After all the press lately about online casual gaming, I decided it was finally time to join the 70 Million other people who currently play FarmVille (down from 80 Million 4 months ago). Sidenote: to put that in perspective – Twitter – a media darling for 2 years now – has only 20 Million active users.
Facebook launched its application platform. Games like MobWars are created, which take online gaming and infuse your social graph. Then games like GreenPatch are born – they are super-simple graphical games that allow you to grow a garden and buy equipment for your garden. Then Farm Town is created. It rapidly goes from 12 beta tester users to 3 Million users. A few months later, Zynga rolls-out a copy of FarmTown – calling it FarmVille. Using it’s network of other games as well as deep pockets to buy Facebook ads, Zynga grows FarmVille rapidly and zooms past.
In February, FarmVille crossed 80 Million active users. At the time, Facebook had 400 Million active uers – and the vast majority of FarmVille users were accessing FarmVille via their Facebook account. Making FarmVille a potential driver of 20% of all Facebook Active Usage.
Since then, FarmVille’s numbers have begun to delcine – dropping to 69M Active Users in June – while Facebook officially crossed 500 Million active users a couple weeks ago. In this post I’ll analyze why FarmVille was successful, and in follow-up posts I’ll look at what caused it’s decline and what to expect in the social gaming space going forward, with the growing speculation about Google taking-on Facebook.
Why was FarmVille a success? Four reasons:
Broader appeal than previous online games – women, casual, and mainstream
Built-in reason to come back
Interlocking levels, points, and tiered products
Making it Social
Appeal to men & women
Unlike games like Mafia Wars that can be more violent, farmville is appealing to women. You can be creative, beautifying and accessorizing your farm with colored fences, signs, flags, topiaries, and more.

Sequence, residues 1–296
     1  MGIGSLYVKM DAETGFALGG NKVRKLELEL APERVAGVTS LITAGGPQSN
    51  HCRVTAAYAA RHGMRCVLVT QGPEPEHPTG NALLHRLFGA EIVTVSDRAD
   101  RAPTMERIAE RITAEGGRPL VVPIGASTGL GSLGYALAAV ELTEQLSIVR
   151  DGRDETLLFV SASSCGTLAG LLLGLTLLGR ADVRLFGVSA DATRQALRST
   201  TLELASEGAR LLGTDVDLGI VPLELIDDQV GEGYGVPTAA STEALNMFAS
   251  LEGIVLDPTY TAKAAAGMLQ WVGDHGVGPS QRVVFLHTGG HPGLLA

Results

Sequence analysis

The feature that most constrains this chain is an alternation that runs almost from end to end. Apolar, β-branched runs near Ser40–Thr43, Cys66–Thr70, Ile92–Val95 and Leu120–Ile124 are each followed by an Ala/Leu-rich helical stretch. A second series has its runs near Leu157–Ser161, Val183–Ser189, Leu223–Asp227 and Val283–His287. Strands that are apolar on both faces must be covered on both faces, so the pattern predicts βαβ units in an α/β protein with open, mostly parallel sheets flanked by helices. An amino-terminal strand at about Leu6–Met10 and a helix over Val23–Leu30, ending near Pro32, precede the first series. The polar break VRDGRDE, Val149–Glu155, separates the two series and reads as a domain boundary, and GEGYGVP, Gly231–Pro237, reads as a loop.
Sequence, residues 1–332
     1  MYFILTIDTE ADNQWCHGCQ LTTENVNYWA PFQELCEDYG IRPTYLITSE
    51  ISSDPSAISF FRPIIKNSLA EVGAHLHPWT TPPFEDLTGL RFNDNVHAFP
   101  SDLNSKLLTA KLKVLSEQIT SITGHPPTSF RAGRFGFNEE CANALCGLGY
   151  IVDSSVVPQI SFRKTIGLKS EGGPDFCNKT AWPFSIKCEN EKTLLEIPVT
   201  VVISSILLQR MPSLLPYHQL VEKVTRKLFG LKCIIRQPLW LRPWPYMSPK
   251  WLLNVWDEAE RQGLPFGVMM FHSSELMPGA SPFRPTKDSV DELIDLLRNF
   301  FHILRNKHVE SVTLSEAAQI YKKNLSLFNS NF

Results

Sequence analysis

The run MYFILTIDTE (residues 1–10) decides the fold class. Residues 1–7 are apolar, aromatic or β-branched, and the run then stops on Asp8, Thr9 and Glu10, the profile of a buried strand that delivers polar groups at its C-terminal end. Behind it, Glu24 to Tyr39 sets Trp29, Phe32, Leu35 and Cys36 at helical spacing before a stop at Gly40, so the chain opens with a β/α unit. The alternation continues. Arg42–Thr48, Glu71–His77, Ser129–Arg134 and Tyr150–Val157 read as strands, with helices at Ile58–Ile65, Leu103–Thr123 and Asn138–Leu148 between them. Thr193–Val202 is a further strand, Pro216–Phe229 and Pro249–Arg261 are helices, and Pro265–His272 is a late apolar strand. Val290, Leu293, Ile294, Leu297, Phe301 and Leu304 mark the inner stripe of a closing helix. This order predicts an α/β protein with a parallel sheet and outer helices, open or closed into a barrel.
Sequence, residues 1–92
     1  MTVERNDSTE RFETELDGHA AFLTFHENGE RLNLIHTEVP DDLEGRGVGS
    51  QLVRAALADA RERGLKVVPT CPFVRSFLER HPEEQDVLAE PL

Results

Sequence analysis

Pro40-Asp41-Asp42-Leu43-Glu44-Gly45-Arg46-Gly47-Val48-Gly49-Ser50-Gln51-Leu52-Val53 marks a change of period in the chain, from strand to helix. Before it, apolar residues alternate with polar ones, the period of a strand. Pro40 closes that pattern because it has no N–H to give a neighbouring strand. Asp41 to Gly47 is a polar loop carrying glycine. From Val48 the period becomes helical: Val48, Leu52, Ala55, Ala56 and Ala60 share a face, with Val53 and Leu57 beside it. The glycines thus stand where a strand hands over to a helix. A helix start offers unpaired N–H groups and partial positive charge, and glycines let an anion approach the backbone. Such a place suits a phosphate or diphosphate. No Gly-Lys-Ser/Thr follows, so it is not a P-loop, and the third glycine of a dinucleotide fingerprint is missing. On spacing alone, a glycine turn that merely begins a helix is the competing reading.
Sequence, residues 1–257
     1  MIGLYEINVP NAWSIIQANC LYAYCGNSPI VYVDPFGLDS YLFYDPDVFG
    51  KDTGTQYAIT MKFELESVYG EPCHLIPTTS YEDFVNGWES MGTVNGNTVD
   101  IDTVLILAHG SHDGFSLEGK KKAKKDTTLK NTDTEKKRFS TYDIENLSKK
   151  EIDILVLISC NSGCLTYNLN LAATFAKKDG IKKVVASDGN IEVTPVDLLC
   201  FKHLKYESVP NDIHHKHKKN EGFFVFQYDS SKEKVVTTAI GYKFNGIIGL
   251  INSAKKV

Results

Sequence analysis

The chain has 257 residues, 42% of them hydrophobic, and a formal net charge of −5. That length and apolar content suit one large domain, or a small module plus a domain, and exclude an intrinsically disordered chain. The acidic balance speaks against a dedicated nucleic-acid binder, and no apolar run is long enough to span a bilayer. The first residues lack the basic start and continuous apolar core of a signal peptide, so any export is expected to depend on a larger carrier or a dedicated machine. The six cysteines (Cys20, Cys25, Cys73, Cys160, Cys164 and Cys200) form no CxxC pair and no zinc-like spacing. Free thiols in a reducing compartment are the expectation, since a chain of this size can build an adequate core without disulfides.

Furthermore, whereas historically online gaming has been dominated by games like Warcraft, Starcraft, and Quake, which are fast-paced, highly-competitive, and adversarial, this new brand on online gaming is more focused on the casual user, and the online components are that of collaboration – sending gifts to neighbors, fertilizing each others crops. This appeals to a demographic that might be interested in online gaming, but that was intimidated by the competitiveness of a game like Starcraft, where if you don’t know what you’re doing, you’re bound to get creamed by some teenager in Korea within the first five minutes.
(Aside: after a recent conversation with a friend at Blizzard, maker of Starcraft, I learned that with the launch of Starcraft II, solving this problem so that new players have an enjoyable online / multiplayer experience was a top priority in game development.)
Finally, FarmVille is uniquely appealing because it doesn’t feel alien or cult-like to new users. The concept of farming is very relate-able. As opposed to something like Starcraft, which is science fiction, or Warcraft, which seems like a cult, or worst-of-all SecondLife – which for all its hype – is ultimately thought-of as slightly eccentric.
Built-in reason to come back
The primary function in farmville is raising livestock and growing crops. Those two things take time. So you spend ten minutes plowing the fields and planting seeds, or spending your hard-earned cash buying a cow, and then FarmVille tells you – ok, come back in eight hours and harvest the crop or milk the cow. Bye now. And so of course you now have to come-back in 8 hours for the payoff. It’s this delayed gratification that keeps users engaged and coming back day-after-day.
Never-ending levels, with satisfying and low-effort ways to level-up